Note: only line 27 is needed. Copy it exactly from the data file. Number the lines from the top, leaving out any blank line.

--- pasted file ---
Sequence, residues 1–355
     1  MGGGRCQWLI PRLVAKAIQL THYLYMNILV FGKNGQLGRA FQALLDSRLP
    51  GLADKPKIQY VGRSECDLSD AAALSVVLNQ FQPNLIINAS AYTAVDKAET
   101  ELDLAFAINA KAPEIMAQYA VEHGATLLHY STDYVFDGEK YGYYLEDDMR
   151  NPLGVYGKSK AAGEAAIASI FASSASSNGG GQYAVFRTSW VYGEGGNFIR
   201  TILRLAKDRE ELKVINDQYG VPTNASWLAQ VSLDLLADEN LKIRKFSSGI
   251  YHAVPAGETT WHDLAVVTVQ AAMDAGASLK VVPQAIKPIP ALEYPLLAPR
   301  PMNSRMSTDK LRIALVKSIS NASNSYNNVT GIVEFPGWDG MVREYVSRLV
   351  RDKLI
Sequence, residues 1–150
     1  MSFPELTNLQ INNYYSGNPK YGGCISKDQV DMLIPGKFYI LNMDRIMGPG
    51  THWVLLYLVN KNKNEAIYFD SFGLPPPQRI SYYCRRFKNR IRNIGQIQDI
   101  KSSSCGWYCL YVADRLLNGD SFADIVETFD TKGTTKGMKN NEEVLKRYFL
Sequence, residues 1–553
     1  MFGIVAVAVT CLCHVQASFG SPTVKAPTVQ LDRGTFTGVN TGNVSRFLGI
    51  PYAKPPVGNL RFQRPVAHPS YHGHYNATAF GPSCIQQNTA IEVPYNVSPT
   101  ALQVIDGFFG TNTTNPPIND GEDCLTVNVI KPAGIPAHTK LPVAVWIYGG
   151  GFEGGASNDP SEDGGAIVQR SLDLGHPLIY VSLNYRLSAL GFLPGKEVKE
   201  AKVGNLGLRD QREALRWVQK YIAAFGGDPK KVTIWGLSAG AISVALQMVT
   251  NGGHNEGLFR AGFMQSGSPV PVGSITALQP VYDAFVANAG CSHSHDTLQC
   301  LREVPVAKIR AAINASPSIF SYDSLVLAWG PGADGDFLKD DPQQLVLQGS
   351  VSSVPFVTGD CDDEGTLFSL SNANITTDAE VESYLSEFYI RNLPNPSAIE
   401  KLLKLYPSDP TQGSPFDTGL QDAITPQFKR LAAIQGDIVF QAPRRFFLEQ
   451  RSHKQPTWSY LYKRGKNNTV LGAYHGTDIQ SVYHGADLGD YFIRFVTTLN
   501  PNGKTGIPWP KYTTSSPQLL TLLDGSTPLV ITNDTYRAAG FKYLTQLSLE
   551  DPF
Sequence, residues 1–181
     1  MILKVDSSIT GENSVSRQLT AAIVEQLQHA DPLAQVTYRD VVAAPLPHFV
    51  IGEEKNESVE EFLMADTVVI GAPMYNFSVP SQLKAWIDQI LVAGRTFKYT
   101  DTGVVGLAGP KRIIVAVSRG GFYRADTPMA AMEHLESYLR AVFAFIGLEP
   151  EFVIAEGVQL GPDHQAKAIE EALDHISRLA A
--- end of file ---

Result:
Sequence, residues 1–181